2. My brother and I used a fire steel to start our cooking fire the last time we were out on the trail. We did it mostly to see how tricky it would be to use, and as promised, it worked wonderfully.

    The shower of sparks, plus the dry tinder we were fortunate enough to have, made it a no brainer.

  3. To save a little weight I carry the Firesteel Mini and use the back edge of the small knife I carry to create sparks rather than carry the supplied metal striker. I tried relying on this set-up on a three-week section hike to light the gas stove I brought–I've always had mixed luck with piezo starters–but purchased a small disposable lighter after a week. I found the Firesteel a great backup but it was really much easier to use a lighter, especially if there was any wind. With the Firesteel and lighter I see no need to bring matches.

  4. Love these. It has become my primary fire starting tool… it has moved from the emergency kit to my main cook kit.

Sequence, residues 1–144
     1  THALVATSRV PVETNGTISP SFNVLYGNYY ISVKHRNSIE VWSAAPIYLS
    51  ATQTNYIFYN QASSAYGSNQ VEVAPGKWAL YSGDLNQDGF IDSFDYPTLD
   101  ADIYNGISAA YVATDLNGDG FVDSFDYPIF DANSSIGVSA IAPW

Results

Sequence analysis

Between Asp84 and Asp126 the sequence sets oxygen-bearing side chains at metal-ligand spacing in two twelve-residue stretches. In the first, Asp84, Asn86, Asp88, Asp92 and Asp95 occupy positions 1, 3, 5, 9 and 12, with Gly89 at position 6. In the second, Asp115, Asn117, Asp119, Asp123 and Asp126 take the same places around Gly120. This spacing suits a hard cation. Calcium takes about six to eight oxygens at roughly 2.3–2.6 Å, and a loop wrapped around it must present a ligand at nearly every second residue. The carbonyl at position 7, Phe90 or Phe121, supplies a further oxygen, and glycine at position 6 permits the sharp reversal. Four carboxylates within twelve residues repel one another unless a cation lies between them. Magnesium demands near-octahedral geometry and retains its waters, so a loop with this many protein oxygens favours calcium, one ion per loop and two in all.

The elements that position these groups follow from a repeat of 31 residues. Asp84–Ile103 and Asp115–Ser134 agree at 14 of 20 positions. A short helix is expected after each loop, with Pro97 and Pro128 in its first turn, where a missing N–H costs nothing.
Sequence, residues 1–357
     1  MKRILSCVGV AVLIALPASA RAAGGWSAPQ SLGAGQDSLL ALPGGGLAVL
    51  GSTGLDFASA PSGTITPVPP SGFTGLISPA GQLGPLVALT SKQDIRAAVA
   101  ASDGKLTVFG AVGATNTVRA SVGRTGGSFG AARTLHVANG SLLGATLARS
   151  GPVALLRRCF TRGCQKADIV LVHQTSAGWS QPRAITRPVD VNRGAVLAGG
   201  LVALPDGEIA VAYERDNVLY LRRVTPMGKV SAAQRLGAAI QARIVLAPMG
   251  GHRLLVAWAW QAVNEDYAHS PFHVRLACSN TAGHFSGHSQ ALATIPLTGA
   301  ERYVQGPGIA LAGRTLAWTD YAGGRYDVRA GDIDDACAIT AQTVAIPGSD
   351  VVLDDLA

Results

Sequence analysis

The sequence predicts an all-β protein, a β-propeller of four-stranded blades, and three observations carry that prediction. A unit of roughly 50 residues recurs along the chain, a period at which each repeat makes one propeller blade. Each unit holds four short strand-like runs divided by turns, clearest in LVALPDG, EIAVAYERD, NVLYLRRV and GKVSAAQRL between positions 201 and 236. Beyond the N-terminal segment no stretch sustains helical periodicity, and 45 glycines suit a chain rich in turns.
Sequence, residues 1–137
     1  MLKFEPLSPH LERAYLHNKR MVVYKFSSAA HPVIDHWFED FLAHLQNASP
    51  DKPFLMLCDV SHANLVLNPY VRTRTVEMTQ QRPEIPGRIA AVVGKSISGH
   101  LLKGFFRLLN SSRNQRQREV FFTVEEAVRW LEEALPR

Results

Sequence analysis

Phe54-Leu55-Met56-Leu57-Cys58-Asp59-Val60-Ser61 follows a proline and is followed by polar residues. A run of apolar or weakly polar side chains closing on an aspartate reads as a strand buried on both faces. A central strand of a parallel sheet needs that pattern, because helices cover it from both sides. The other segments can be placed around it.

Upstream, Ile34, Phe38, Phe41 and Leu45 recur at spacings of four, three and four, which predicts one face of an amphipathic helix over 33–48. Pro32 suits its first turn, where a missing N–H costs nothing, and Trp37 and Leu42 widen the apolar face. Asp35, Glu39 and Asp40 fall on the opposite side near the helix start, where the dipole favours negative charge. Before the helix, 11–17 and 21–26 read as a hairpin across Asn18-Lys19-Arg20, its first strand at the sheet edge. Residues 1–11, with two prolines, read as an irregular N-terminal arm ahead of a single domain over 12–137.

5. I'm with you on this. The sparking sticks (I think its zirconium not magnesium) are really much more useful than matches. Outside of lighting stoves, I've used cotton balls (real cotton NOT polyester) that have been macerated with petroleum jelly, hand sanitizer, very dry grass, cat-tail fluff, and (in the glorious south – doesn't work up north) shredded pine needles.

    One of my favorite scouting demos is to dunk the sparking stick and a petroleum jelly macerated cotton ball in water and then light a fire.

    Practically speaking, it has made life a lot more comfortable on canoe trips where everything is damp (or worse).

  6. Gasp. You got a piezo stove even though you had a fire steel!

  7. I've used one of these for years. They are light and always work regardless of the weather. The Piezo igniter on most stoves is terrible but this item always works. Everyone should carry one!

  8. Hello, I believe the striker is not made out of magnesium, as this is often a fuel used along with a firesteel. Fire Steels are normally composed of a ferrocerium rod, which is commonly called flint nowadays, even though it differs from actual flint. Further Reading:

  9. I use one of these to light my trangia stove. Just aim it at the pool of alcohol and let 'er rip. Kinda spooks other campers though – the shower of sparks followed by the POOF of the stove catching.

    Closest thing I have to bringing fireworks with me on the trail :-)